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Wisconsin schools unveil new fleets of electric buses this fall

Last year, federal government announced plans to award 15 Wisconsin districts more than 60 electric buses

The front of an electric school bus is shown with its lightning bolt logo
A Lion electric school bus is seen on display in Austin, Texas, on Feb. 22, 2023. Eric Gay/AP Photo

Students in the Palmyra-Eagle Area School District will have a quieter, more environmentally friendly ride to school this year as the district plans to unveil its new fleet of electric buses.

The district originally planned to use the buses at the start of the school year, but district Superintendent Ryan Krohn said a delay means the new plan is to have them ready by mid-September.

A $2.4 million grant thanks to the Bipartisan Infrastructure Law means the district will have six new electric school buses. The funding will also help cover charging stations, Krohn said.

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Without the grant, he said, the district would be looking for cost savings somewhere else each year. Palmyra-Eagle is a few years removed from nearly dissolving.

“Transportation costs for school districts are one of those areas that we try to do everything we can to be as efficient as possible so we can keep more dollars in the classroom,” Krohn said recently on Wisconsin Public Radio’s “The Morning Show.”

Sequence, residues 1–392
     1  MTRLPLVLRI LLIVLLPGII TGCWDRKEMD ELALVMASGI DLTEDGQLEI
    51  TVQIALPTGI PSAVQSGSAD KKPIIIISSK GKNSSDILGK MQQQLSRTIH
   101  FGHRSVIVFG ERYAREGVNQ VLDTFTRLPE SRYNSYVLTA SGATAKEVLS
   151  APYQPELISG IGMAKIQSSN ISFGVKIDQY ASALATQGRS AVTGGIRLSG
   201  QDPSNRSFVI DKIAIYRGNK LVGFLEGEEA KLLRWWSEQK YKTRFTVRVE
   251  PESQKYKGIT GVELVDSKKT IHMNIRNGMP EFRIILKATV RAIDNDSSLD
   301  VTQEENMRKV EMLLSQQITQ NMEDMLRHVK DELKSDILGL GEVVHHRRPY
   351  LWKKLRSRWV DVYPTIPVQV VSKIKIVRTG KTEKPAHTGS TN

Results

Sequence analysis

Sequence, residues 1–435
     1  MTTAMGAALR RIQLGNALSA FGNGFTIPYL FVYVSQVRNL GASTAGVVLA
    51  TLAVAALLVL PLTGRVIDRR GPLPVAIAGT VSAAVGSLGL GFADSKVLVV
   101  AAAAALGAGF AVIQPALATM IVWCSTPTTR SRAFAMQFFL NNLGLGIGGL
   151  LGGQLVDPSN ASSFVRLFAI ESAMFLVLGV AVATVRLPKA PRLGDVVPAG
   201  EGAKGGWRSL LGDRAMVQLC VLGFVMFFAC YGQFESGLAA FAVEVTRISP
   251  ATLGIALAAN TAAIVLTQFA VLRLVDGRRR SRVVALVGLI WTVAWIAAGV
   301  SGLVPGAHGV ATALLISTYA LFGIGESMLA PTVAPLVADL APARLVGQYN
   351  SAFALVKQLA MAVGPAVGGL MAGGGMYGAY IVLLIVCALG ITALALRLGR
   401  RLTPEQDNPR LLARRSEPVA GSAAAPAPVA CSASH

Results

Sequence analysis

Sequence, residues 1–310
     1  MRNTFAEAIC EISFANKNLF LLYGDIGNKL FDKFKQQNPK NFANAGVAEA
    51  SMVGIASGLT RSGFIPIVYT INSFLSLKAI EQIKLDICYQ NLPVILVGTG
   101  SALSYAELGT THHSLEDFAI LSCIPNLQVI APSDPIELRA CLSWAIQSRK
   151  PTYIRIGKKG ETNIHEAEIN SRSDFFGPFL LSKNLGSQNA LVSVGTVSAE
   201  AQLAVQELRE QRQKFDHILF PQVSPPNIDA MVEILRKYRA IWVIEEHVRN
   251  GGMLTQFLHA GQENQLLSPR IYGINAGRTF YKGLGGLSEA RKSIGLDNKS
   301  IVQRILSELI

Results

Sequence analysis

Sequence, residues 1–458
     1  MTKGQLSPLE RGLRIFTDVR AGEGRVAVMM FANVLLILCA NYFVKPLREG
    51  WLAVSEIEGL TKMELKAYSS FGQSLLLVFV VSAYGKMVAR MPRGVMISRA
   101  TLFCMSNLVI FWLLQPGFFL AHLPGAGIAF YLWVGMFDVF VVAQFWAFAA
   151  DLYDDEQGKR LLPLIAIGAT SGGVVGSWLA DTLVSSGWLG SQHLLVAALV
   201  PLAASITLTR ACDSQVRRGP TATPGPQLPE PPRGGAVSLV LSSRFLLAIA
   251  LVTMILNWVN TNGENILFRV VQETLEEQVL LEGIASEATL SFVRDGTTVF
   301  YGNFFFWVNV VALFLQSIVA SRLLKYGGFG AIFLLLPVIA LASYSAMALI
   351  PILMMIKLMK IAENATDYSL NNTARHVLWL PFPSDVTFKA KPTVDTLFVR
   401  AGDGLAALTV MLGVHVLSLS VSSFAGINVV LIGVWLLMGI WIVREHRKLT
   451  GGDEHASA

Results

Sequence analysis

There will be savings on matters such as fuel, but Krohn said other positive aspects from this change include educational opportunities, infrastructure changes and environmental benefits.

The district is working with Delavan-based Dousman Transport. Larry Kirkley, the company’s vice president, said on “The Morning Show” that the buses can run about 135 miles per charge. That distance might be less than other electric buses, but he said it will cover the district’s morning and afternoon routes.

Covering extracurricular activities will be another matter, however. Krohn said the district still has a few vans for smaller teams or groups to use. Dousman has other diesel vehicles Palmyra-Eagle can use, too. And as more districts bring on electric buses, there will be more charging stations throughout the state, Krohn said.

Last fall, the federal government announced its plans to give 15 Wisconsin school districts grant money to buy more than 60 of the state’s first-ever electric school buses.

READ MORE: Kids to ride electric school buses in 15 Wisconsin school districts

Drivers will receive training on how to drive the buses, Kirkley said. Dousman was still hiring as of July, but he said the company has the full complement of drivers needed to cover its schools.

The buses run on air brakes instead of hydraulic ones. While the buses are quieter, Kirkley said he doesn’t believe they will be more dangerous for pedestrians. Drivers pay attention and work to anticipate movements around the bus, he said.

Students won’t be the only ones learning about electric vehicles. Krohn wants to host rides for parents, grandparents and community members to see the new buses.

“We’re really excited about this,” he said.

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